If you like Music for 18 Musicians then you should try other Steve Reich music especially directly from the same era.
Some suggestions are:
Music for Mallet Instruments Voices and Organ - a more laid back feel than 18 Musicians and just 20 minutes in length. Short phrases and chord sequences are doubled, then doubled again, then again, and much like with 18 Musicians the process then reverses. A beautifully calming piece of music.
Six Pianos or Six Marimbas - probably easier to listen to in it's Marimba guise, a busy piece which doesn't provide the change in timbre which like 18 Musicians does, but does give you the chopping and changing rhythms which are instantly recognisable.
Music for a Large Ensemble - very similar indeed to 18 Musicians, a bit like it's older brother but only 15 minutes long. It doesn't have the pulse in the same way as 18 Musicians but does have the vibraphone conductor and uses the "breath" effect in a similar way as well. Tends to be less well known maybe because it is more difficult to perform and is overshadowed by 18 Musicians?
Octet/Eight Lines - the pulse is maintained by pianos rather than traditional tuned percussions instruments. Themes are built up organically from an initial few notes to complex and interweaving melodies in a more complicated way than you find on 18 Musicians. You can tell that this piece is a progression from the ideas on 18 Musicians.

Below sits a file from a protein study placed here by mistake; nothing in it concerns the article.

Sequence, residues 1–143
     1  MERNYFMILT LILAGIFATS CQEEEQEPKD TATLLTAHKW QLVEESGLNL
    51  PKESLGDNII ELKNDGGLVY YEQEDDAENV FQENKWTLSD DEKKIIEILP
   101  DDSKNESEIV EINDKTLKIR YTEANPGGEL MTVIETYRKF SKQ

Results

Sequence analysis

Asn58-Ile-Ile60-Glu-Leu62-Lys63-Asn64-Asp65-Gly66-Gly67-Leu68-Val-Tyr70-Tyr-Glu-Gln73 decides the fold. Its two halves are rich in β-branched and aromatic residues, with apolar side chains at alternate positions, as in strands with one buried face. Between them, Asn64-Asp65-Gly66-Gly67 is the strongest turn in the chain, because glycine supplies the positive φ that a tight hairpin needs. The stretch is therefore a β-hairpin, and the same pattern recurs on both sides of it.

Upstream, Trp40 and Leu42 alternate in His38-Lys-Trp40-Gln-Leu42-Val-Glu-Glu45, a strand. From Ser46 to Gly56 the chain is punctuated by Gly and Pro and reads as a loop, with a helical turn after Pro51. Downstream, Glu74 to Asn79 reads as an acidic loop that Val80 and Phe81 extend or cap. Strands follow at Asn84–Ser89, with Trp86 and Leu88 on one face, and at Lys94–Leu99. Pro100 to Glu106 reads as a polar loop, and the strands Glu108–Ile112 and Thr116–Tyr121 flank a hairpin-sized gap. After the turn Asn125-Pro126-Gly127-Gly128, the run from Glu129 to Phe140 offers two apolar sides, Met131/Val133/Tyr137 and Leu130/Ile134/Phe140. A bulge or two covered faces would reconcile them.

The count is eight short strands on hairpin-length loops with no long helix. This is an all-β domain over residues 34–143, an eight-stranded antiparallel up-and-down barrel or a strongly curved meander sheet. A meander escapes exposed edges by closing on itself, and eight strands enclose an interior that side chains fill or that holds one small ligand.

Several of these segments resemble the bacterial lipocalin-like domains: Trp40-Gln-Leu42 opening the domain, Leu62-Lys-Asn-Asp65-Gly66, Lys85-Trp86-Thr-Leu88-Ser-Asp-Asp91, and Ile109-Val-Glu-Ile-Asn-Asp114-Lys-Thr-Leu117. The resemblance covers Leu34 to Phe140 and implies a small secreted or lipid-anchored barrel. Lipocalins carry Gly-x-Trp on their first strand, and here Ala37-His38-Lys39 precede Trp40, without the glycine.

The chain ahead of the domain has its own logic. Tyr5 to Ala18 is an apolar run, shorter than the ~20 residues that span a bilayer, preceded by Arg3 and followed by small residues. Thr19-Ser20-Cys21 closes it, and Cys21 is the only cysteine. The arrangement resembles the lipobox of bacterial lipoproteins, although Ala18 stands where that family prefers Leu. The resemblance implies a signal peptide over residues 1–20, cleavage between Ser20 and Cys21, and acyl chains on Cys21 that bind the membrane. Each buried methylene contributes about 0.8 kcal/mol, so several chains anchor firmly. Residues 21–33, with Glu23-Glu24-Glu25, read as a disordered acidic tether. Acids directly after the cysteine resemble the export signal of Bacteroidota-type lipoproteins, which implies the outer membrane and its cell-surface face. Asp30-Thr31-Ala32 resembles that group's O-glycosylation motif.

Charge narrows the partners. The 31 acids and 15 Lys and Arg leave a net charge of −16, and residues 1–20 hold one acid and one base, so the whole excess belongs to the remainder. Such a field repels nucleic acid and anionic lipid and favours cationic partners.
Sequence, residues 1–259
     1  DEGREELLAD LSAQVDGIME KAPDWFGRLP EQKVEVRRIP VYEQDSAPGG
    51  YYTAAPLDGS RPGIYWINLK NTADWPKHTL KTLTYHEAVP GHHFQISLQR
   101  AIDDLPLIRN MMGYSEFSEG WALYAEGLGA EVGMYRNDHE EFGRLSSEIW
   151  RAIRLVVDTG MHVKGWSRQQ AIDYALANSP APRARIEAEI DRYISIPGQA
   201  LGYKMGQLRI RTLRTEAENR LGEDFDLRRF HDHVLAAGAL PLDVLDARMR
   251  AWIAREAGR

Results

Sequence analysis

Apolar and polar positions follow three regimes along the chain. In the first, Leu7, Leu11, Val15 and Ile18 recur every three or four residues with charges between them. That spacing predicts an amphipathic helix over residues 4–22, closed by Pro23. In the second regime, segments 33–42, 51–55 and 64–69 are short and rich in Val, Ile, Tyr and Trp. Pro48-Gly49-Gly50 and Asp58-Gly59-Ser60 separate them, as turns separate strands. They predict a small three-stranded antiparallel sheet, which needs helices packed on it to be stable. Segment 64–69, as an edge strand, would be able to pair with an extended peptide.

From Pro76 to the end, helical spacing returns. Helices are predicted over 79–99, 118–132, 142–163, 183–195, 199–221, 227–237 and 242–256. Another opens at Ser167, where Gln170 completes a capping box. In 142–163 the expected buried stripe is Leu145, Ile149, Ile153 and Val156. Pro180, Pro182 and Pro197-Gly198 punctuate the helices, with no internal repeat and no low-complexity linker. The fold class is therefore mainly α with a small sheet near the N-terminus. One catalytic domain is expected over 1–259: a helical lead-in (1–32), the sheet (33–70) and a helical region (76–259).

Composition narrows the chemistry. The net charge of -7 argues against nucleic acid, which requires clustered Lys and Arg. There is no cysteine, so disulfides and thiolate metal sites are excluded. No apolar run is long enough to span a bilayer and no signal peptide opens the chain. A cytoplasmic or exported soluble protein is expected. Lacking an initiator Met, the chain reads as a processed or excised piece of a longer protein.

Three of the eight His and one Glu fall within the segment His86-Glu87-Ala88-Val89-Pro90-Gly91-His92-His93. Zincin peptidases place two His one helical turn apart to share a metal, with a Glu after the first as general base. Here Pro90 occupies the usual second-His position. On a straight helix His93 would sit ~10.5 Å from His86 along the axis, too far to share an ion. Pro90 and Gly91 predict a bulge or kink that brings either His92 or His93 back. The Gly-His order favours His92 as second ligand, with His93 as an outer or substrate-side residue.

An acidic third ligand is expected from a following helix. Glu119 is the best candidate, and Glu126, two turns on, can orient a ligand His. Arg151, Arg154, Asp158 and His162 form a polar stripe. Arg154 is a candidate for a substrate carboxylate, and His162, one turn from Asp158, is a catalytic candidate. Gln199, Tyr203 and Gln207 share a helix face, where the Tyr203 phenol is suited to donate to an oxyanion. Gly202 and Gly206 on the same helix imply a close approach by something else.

Double Sextet, a composition which won the Pulitzer Prize in 2009. One group of six musicians plays alongside another group of six musicians (or a recording) creating a mind boggling yet wonderfully animated piece of music.
Other Reich classics are Tehillim (hugely uplifting singing of sacred texts) , Music for Pieces of Wood (basic manual phasing, but lots of fun), Proverb (different yet still Steve Reich), Variations for Winds, Strings and Keyboards (one of Reich's few pieces for Orchestra), and Electronic Counterpoint (probably the most easy listening of all Reich's music, for electric guitar, including the pulses again!)